Lake Norman Oral & Facial Surgery • Dr. Raymond J. Haigney II • 9727 Northcross Center Ct. Huntersville, NC 28078 • (704) 987-3132
9727 Northcross Center Ct. Huntersville, NC 28078 • (704) 987-3132
How Do You Fix Cleft Lip & Cleft Palate?
Most cases of a cleft lip and cleft palate are detected immediately at birth and do not require special tests in order to diagnose. In many cases, cases of a cleft lip and cleft palate are found on an ultrasound prior to the birth of the baby.
A prenatal ultrasound is a test which uses sound waves in order to create images of the developing fetus. When the doctor is analyzing the pictures, they may detect an abnormality in the facial structures.
Cleft lip can be detected using a prenatal ultrasound as early as the 13th week of pregnancy. As the fetus continues to develop, it may be easier to diagnose a cleft lip. Cleft palate, when it occurs alone, can be more challenging to see using ultrasound.
When the prenatal ultrasound shows a cleft, your doctor may offer a procedure which takes a sample of the amniotic fluid from your uterus. The fluid test can help determine if the fetus has inherited a genetic syndrome which can result in additional birth defects. In most cases, however, the cause of a cleft lip and cleft palate is unknown.
The goals in treating a cleft lip and cleft palate are to improve the child's ability to eat, speak and hear normally. The treatment also works to achieve a normal facial appearance. Treatment for children with cleft lip and cleft palate often includes a comprehensive team of doctors and experts. This team can include the following specialists:
- Surgeons with a specialty in cleft repair (plastic surgeons or ENTs)
- Oral surgeons
- Ear, nose and throat doctors
- Pediatric dentists
- Auditory or hearing specialists
- Speech therapists
- Genetic counselors
- Social workers
Treatment for cleft lip and cleft palate typically involves surgery to repair the defect and therapy to treat any related conditions.
A cleft palate is usually repaired using a surgery called palatoplasty. This surgery typically takes place when the baby is 10–12 months old. The goals of palatoplasty include:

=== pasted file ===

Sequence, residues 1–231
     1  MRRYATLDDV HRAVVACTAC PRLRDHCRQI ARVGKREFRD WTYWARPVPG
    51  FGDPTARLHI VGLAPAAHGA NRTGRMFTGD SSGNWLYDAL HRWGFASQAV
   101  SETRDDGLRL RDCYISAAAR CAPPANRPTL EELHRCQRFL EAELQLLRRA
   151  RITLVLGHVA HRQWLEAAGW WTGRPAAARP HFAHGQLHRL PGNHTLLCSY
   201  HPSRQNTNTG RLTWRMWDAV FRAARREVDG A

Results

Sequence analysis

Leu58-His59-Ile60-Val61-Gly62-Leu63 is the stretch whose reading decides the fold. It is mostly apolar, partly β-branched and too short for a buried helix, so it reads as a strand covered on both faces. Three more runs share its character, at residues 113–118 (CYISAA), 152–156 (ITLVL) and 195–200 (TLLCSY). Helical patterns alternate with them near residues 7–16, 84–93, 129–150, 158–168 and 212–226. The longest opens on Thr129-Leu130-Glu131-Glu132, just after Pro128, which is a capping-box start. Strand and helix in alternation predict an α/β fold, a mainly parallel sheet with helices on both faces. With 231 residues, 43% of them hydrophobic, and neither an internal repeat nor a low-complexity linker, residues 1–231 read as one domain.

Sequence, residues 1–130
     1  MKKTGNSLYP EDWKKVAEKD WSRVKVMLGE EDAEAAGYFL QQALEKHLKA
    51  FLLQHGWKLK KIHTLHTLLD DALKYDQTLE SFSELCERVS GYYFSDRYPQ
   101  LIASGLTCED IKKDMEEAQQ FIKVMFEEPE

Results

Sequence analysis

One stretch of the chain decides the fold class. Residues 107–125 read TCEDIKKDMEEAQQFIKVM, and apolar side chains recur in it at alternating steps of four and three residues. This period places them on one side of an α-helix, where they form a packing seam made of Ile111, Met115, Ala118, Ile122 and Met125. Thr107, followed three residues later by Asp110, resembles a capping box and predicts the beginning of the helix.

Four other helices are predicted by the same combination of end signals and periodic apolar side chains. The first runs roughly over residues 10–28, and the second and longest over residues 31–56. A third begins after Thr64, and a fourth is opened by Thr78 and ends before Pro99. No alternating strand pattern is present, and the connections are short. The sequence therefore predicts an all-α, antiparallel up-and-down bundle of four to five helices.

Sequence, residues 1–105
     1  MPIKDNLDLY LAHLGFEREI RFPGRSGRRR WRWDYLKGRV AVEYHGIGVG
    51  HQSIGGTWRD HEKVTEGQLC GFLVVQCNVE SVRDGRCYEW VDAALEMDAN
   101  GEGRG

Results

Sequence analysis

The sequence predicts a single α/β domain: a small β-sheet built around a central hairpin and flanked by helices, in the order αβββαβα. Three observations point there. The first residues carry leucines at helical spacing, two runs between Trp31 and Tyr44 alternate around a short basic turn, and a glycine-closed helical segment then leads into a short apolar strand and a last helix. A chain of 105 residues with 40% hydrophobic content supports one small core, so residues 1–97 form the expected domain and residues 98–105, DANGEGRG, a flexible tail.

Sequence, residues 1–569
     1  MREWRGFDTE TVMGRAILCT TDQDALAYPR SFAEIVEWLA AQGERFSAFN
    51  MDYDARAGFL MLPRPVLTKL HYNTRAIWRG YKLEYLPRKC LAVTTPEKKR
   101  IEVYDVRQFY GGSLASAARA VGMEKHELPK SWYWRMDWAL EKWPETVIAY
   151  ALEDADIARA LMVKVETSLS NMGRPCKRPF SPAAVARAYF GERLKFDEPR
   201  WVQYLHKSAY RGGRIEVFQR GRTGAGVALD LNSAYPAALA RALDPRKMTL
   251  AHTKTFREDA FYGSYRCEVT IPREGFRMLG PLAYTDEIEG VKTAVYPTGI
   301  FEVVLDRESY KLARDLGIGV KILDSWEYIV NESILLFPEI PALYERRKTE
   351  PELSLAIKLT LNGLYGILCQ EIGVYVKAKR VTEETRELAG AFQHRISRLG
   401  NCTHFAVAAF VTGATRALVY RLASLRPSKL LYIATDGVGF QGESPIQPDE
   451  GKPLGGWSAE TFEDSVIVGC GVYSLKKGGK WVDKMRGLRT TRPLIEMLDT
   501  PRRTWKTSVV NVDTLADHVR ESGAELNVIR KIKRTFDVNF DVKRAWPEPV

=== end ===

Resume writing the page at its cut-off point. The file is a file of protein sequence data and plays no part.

- Closing the opening between the nose and mouth.
- Create a palate which effectively works for speech.
- Prevent food and liquid from leaking out the nose.
In this surgery, a plastic surgeon will complete the following:
- Close the cleft in layers.
- Rearrange and repair the muscles of the soft palate. This allows them to work better during speech.
- Make two incisions on each side of the palate behind the gums. This helps to ease tension on the palate repair.
This surgery requires general anesthesia and usually takes about two to three hours to complete. Most babies are able to go home after a day or two in the hospital. The stitches will dissolve on their own. Your child will also need to be on a liquid diet for a week or two. They can then progress to eating soft foods for a few more weeks before returning to a regular diet. Parents may be asked to put their baby in special sleeves which prevent the elbows from bending. This ensures the baby can't put any fingers or hard objects into the mouth and helps the healing process.
Cleft palate surgery has made significant advances in recent years. It is highly successful and effective treatment. As with any surgery, there are possible risks. Call the doctor if any of the following occur:
- The child has a fever above 101.4°F (38.5°C)
- Prolonged pain or discomfort
- Heavy bleeding from the mouth or nose area
- Refusal of drinking fluids
- Doesn’t make wet diapers
Most kids with cleft palate are successfully treated and do not have lasting problems. An experienced team can help create a treatment plan which is tailored for your child’s specific case.
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